For this presidential election Nicolas Sarkozy and the moderate socialist François Hollande are considered as the main candidates. Both candidates, putting their best foot forward, even staged competing open-air rallies in Paris—something rather unusual in France—but the question that to what extent French politicians are competing to satisfy voters’ demands remains. Tom Nuttall mentions neither Sarkozy nor Hollande “spends much time discussing the size of the French public sector, the sustainability of the welfare state or the prospects for growth”.  Also women issues remain silent. Asma Guénifi from a French feminist movement says “We were astonished that none of the presidential candidates are talking about violence towards women”. 
As a blow to Sarkozy’s campaign, he was recently accused of using a video conference with Barack Obama to the benefit of his election campaign  and accused of trying to sell nuclear reactors to Gaddafi until mid-2010 by Anne Lauvergeon, the former head of French nuclear group Areva last year, though government spokeswoman, Valerie Pecresse, a member of Sarkozy’s conservative UMP party, accused Lauvergeon of trying to “settle scores” since she had been fired. 
In addition, the emphasis on the Sarkozy-Merkel relationship to save the euro has left a weak image of France with no independency in the French public opinion.
The latest polls suggest “Nicolas Sarkozy was declared the most unpopular president in French history”  and even his statement that Britain’s economic situation is worse than France’s seems to no avail at the time that people are looking forward to seeing economic reforms in their own country.
People need to be reassured that reforms will no longer be postponed and that the country’s deficit and debt will be dealt with and French competitiveness in today’s global market will be restored.
If people favor Hollande, France will face a new foreign policy and a rather new agenda for dealing with the EU crisis. Sarkozy, in return, might enjoy Merkel and Obama’s international support—Hollande, against Merkel and Sarkozy’s austerity policies for the EU, will not win ’Merkel’s favor, and Obama prefers his known not-all-the-time ally (as Justin Vaïsse refers to the cases when Obama and Sarkozy did not meet eye to eye such as when “Sarkozy thought Obama’s steps to move towards full nuclear disarmament were naive. Last year, he supported Palestinian aspirations at the UN General Assembly and at UNESCO, with no coordination with Washington. In January, he abruptly announced that French soldiers would leave Afghanistan in 2013 rather than on the agreed 2014 date. And he dragged his feet on Obama’s revamped missile-defense scheme.”) to an unknown would-be ally like Hollande. President Obama even called France America’s strongest ally last year. Nothing is certain at the moment; perhaps, unlike what polls show, the ‘silent majority’ will help Sarkozy be re-elected, and if that happens, he would be the first European leader in charge to survive an election during an era in which great EU countries such as Spain, Portugal, Italy, and Greece have fallen victim.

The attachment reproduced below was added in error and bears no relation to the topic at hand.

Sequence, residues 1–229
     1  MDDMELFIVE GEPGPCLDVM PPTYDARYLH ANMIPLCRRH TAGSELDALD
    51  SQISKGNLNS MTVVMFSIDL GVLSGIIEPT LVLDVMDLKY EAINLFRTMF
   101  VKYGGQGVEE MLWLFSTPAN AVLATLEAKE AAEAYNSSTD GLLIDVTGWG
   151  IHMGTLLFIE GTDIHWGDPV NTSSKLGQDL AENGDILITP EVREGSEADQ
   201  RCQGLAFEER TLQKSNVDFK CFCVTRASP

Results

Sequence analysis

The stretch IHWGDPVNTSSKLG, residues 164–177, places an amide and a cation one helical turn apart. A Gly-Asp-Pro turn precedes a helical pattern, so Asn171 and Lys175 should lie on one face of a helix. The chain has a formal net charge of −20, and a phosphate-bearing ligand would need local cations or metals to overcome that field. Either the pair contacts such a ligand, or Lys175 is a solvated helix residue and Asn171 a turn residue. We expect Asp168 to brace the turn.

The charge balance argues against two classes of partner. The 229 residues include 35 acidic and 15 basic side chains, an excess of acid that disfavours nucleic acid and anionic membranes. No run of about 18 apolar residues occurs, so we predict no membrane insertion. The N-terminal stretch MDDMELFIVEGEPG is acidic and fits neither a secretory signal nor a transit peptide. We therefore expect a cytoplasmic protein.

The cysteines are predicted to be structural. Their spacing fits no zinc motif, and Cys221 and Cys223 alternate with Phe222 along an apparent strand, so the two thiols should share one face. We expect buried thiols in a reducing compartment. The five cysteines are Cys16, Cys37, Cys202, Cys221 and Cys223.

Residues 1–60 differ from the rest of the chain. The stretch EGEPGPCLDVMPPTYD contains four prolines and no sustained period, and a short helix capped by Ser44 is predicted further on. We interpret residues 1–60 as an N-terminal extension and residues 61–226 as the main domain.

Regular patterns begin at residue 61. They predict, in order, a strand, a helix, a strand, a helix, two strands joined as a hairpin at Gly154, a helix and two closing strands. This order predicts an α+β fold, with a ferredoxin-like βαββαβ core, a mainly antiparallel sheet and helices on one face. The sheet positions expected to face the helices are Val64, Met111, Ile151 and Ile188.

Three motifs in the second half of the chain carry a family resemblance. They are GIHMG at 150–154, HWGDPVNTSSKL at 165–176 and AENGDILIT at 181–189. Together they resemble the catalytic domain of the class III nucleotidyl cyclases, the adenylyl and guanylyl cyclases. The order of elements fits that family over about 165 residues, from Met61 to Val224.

1- Ryan, Yasmine. “Algerian dissident silenced by France”. Aljazeera.com. 20 Mar 2012.
2- Vaïsse, Justin. “The 2012 French Presidential Elections: A Primer”. Brookings Institute. April 04, 2012.
3- “France’s Sarkozy calls for Gaza ceasefire”. Reuters. Jan 5, 2009.
4- Erlanger, Steven. “By His Own Reckoning, One Man Made Libya a French Cause”. NYTimes.com. April 1, 2011.
5- “Sarkozy calls for Syria aid corridors”. Arabnews.com. Apr 13, 2012.
6 op. cit.
6.7. Nuttall, Tom. “The moderator’s opening remarks”. Economist. Apr 3rd 2012. http://www.economist.com/debate/days/view/826
7. 8. “French politics silent on women”. Euronews. 5 Apr 2012.
8. 9.Chrisafis, Angelique. “Sarkozy ‘embarrassed France’ with Obama video conference TV stunt”. guardian.co.uk. 15 April 2012.
9. 10.”France: Atomic Anne Tries to Nuke Sarkozy”. Thisdaylive.com. 11 Apr 2012.
10.11. Samuel, Henry. “Nicolas Sarkozy ‘least popular president in French history’: Poll”. Dnaindia.com. Apr 16, 2012.
12. Vaïsse, Justin. “Would Hollande and Obama Get Along?”. nationalinterest.org. April 13, 2012.
13. Gardiner, Nile. “Barack Obama calls France America’s strongest ally. The president gives Britain the boot again”. telegraph.co.uk. January 10th, 2011.